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Fish Factor

Values of Fishing Permits & Catch Share Show Heafty Increases


August 01, 2011

The value of Alaska fishing permits and catch shares has taken a big jump along with fish prices.

The Commercial Fisheries Entry Commission posts permit value for state fisheries, catch share transactions are overseen by federal managers, and brokers track and list actual asking prices and offers for the whole, well, kettle of fish. A sampler from four brokerage web sites shows hefty increases in values nearly across the board:

For Alaska’s bellwether* salmon fishery at Bristol Bay, most drift permits are being offered at $160,000 – up from $132,000 last October, and more than double the price in 2009.

The asking price for a Prince William Sound salmon drift permit tops $180,000, an increase of $20,000 from last fall; Southeast drifts are listed at $90,000 – $150,000, an increase of $30,000. Cook Inlet driftnet permits are listed in the $50,000-$60,000 range, similar to last year; offers for Area M/Alaska Peninsula drift permits range from $140,000-$150,000.  A Yukon River salmon gillnet permit is valued at $9,500-11,000.

Chignik seine permits top the list with an asking price of $200,000, followed by Prince William Sound seine at $150,000. Kodiak seine permits are in the $50,000 range, up from around $30,000 last year. Two Southeast seine  permits recently sold at $125,000.

A permit to pot shrimp in Southeast costs $18,000-$25,000.  For Southeast Dungeness crab, permits range from $12,000 to $50,000 based on the number of pots.  Kodiak Tanner crab permits are listed at $35,000 - 80,000; a dive permit for Southeast’s cucumber fishery can be yours for $90,000.

The most expensive Alaska fishing permit by far is for seine herring at Sitka – the state value is $540,000 and asking prices top $600,000.

Looking at values for Alaska’s catch share fisheries: prices have blown past last year’s high of $28 per pound for halibut quota. In the most prime fishing regions of Southeast Alaska and the central Gulf, halibut shares now range from $30 to $36 per pound!

For the Western Gulf, the price range is $19 - $30 a pound; halibut shares for the Aleutians and Bering Sea regions go from $11 to $18 a pound.   

Black cod IFQ prices are ratcheting upwards at $22- $32 for shares in Southeast Alaska, and $22-$28 per pound in the Central Gulf, up slightly from last year.  In the Western Gulf, black cod quota shares are selling from $11-$15 per pound, and $3-$15 a pound in the Aleutians and Bering Sea.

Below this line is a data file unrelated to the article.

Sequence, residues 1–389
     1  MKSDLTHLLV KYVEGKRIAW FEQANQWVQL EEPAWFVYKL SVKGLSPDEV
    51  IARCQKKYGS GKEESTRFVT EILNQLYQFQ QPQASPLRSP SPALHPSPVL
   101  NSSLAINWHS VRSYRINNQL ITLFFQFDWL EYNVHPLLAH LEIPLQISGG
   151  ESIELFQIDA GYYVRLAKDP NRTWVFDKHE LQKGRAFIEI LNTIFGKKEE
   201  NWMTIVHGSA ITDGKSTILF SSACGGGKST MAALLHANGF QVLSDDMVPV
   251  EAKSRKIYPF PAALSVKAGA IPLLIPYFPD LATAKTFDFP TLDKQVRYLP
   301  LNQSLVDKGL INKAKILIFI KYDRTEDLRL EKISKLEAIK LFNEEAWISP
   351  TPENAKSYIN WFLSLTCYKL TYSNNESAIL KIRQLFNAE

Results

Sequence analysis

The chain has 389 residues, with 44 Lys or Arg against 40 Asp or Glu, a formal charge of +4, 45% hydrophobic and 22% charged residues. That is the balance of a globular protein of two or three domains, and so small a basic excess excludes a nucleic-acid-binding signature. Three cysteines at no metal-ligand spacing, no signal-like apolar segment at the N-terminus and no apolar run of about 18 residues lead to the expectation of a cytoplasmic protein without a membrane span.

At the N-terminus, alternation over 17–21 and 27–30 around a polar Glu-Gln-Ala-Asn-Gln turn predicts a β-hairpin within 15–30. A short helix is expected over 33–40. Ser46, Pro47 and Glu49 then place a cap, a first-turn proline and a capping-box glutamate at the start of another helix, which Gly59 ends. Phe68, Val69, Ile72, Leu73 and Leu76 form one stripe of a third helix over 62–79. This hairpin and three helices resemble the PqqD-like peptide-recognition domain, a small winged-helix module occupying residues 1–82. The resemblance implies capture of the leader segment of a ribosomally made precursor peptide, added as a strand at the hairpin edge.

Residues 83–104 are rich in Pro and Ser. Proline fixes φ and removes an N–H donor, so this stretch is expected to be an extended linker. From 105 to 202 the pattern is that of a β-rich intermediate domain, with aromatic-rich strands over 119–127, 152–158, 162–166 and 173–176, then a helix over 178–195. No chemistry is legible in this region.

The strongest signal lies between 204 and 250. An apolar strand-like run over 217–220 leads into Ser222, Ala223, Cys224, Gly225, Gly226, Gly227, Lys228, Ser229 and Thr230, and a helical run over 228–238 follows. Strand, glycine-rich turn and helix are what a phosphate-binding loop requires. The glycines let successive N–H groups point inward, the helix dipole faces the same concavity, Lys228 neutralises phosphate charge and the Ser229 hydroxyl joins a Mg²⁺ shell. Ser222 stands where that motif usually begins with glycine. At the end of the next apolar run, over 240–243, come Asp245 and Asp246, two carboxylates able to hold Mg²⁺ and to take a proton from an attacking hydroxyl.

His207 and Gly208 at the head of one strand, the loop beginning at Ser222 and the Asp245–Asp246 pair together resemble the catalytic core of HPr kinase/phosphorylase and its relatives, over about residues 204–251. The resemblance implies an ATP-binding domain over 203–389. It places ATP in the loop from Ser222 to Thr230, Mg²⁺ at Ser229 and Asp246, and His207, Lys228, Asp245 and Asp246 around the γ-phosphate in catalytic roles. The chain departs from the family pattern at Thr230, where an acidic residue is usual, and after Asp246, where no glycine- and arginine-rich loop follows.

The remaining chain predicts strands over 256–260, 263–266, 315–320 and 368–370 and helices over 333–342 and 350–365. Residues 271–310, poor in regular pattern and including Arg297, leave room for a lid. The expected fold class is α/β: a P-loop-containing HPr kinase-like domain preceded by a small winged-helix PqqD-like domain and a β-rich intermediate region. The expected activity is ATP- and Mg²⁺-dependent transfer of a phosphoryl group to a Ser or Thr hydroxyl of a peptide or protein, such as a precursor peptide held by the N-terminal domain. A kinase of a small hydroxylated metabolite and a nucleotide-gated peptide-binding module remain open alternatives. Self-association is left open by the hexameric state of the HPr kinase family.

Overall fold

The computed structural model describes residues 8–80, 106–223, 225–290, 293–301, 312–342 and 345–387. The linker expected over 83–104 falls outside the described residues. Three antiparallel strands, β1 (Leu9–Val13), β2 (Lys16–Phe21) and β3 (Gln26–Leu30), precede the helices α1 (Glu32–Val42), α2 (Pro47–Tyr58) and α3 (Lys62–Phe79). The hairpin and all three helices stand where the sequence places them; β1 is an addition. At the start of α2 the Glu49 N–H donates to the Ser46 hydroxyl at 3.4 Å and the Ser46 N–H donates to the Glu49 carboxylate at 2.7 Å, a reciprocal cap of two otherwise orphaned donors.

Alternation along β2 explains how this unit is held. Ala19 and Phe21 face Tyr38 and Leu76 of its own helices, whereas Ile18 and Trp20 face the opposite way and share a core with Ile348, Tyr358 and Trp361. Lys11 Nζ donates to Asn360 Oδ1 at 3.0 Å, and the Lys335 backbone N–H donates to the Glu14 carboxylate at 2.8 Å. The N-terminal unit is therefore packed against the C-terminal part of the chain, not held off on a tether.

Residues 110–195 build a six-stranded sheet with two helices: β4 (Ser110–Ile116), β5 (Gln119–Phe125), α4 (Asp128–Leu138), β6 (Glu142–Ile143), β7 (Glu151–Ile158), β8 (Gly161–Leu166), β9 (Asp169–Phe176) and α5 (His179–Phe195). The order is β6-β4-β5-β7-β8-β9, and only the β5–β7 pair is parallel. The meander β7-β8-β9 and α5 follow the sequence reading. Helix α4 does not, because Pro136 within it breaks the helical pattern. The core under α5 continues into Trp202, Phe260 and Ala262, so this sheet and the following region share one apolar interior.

No listings were reported for catch share sales of Bering Sea crab. 

*A bellwether is any entity in a given arena that serves to create or influence trends or to presage future happenings. The term is derived from the Old English  bellewether and refers to the practice of placing a bell around the neck of a castrated ram  (a wether) leading his flock of sheep.  The movements of the sheep  could be noted by hearing the bell before the flock was in sight.

Sitka salmon lessons

‘This town runs on fish’ is the take away message for visitors of the Sitka Salmon Tours – a walking tour right in town.

“Sitka has all of these unique salmon sites within a mile and a quarter of one another,” said Nic Mink, an environmental studies professor and tour director.

“We have large salmon runs in the Indian River right downtown, which is next door to the Sheldon Jackson hatchery, and that’s next to our harbors full of different fishing boats and gears, and then we have our seafood processing plants.”

Of course, the salmon ends up on visitors’ plates at local restaurants, Mink added.  The  new outreach program is a community collaborative of 15 local groups and businesses, backed by the Sitka Conservation Society. 

Mink said his research showed that many places in Southeast Alaska tell the story of the salmon life cycle or share local maritime history. He said most visitors have eaten salmon or heard good things about it, but that’s about it.

“Beyond that, they didn’t really know much about how it gets to consumers plates, or about commercial fishing and gear types or seafood processing,” he explained. “The tour integrates it all and shows people how the whole salmon fishery in Sitka works together.”

Mink said two things seem to fascinate tour takers the most – the first is how much labor goes into producing the fish.

“From the catchers to the processors - when they get inside a processing plant and see the men and women working the slime line, they are literally blown away. It makes them really understand why our product costs more at the supermarket,” he said.

“I tell them  a fish famer is sticking a vacuum tube into a net pen and literally sucking salmon out, and you are removing all the labor that is so important to our culture and economy here. They are always really fascinated to hear that story.”

Another surprise to tour takers is that the salmon’s journey does not begin in the sea – but in streams of the Tongass National Forest, which produces about 30% of Alaska’s wild salmon. 

Mink said the $30 tours appeal to people who “don’t have the big bucks to go charter fishing, or flying,  or don’t want to take an expansive wilderness excursion.”   He hopes similar walking tours will take off in other Alaska fishing towns. 





This year marks the 21st year for this weekly column that focuses on Alaska’s seafood industry. It began in 1991 in the Anchorage Daily News, and now appears in over 20 newspapers and web sites. A daily spin off – Fish Radio – airs weekdays on 30 radio stations in Alaska. My goal is to make all people aware of the economic, social and cultural importance of Alaska’s fishing industry to our state, the nation and the world. 


Laine can be reached at msfish[AT]
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Stories In The News
Ketchikan, Alaska


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